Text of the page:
Stock index futures fell on Thursday as renewed concerns about the euro zone's financial health pushed down the euro and European shares.
* The euro, which has been closely correlated with global equities, tumbled to a 15-month low against the dollar and an 11-year low versus the yen as investors questioned the ability of European banks to raise capital amid the region's debt crisis.
* European shares were lower on Thursday, led by bank stocks as sovereign yields rose across the region after a French debt auction. <.EU>
* French borrowing costs rose slightly when the euro zone's second-largest economy sold debt for the first time this year on Thursday. Demand was solid despite concerns the country could lose its AAA credit rating and offered relief that the bloc's stronger sovereigns can still smoothly manage an escalation of the debt crisis for now.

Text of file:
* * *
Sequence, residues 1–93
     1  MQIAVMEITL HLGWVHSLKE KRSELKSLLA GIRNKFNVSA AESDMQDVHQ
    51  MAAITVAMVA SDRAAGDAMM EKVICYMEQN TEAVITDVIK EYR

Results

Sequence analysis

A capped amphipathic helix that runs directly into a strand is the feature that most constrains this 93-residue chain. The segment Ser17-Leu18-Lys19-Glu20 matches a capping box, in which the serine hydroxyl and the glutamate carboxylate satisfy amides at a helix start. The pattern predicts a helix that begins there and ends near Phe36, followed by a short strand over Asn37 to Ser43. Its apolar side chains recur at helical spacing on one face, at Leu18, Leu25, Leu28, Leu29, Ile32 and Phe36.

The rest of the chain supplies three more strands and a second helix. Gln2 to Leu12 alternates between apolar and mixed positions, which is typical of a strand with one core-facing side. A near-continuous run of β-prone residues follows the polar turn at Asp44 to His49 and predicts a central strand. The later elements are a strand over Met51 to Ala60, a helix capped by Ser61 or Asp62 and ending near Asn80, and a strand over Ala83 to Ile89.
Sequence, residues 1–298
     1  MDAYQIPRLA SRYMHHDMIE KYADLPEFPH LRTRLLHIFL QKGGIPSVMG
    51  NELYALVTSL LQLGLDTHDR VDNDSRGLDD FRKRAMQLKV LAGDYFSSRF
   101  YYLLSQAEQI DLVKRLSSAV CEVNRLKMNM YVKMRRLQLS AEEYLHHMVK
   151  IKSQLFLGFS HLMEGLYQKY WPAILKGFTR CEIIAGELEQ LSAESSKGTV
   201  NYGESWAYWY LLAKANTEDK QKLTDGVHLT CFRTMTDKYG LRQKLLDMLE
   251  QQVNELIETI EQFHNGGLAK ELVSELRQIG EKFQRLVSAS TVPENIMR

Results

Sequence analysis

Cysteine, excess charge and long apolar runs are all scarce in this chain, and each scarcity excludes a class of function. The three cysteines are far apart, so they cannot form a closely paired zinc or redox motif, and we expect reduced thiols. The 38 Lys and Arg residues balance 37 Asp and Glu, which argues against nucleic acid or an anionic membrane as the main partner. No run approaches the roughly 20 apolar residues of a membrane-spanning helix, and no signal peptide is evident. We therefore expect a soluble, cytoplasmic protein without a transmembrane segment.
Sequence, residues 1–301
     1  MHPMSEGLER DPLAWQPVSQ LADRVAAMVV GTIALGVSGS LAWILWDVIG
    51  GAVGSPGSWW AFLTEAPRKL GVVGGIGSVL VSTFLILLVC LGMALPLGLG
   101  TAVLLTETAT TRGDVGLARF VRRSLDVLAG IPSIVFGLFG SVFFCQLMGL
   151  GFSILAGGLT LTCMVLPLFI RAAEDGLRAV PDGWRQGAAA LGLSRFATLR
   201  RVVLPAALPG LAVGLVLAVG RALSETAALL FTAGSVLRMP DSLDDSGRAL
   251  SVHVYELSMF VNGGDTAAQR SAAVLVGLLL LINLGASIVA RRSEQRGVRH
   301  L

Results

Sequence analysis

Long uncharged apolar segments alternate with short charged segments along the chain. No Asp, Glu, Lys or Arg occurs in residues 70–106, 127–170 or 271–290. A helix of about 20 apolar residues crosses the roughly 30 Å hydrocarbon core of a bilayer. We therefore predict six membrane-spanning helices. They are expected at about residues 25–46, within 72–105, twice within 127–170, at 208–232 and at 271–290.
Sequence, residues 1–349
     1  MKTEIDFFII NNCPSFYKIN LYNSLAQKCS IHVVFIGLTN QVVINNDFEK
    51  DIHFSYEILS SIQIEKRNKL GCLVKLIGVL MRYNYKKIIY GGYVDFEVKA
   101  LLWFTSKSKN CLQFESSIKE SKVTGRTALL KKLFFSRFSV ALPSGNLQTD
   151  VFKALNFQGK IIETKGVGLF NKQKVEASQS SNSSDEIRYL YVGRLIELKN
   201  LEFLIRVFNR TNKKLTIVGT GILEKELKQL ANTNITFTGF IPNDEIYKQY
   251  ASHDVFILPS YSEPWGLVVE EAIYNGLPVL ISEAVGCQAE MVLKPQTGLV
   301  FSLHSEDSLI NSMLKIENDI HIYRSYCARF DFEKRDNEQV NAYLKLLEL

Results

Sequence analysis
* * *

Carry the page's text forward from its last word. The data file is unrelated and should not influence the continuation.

* Investors awaited U.S. employment data, with the December ADP National Employment report due at 8:15 a.m. EST, and weekly jobless claims figures coming at 8:30 a.m. EST. That will set the tone for Friday's December all-important non-farm payrolls report.
* A Reuters survey showed economists expected a reading of 178,000 for the ADP report, down from 206,000, and a reading of 375,000 for weekly jobless claims, down from 381,000.
* December's U.S. ISM non-manufacturing index is to be released at 10 a.m. EST. The index is seen at 53.0 versus 52.0.
* Some market participants anticipate the U.S. stock market will be less affected by Europe's debt crisis if the jobs data further evidence solid economic recovery.
* S&P 500 futures fell 8.5 points and were below fair value, a formula that evaluates pricing by taking into account interest rates, dividends and time to expiration on the contract. Dow Jones industrial average futures lost 66 points, and Nasdaq 100 futures were off 9.25 points.
* Apple Inc
* Major U.S. stock indexes were little changed in a low-volume session on Wednesday, but some investors were encouraged to see equities avoid a selloff amid lingering euro zone's debt problems.
(Reporting By Angela Moon; editing by Jeffrey Benkoe)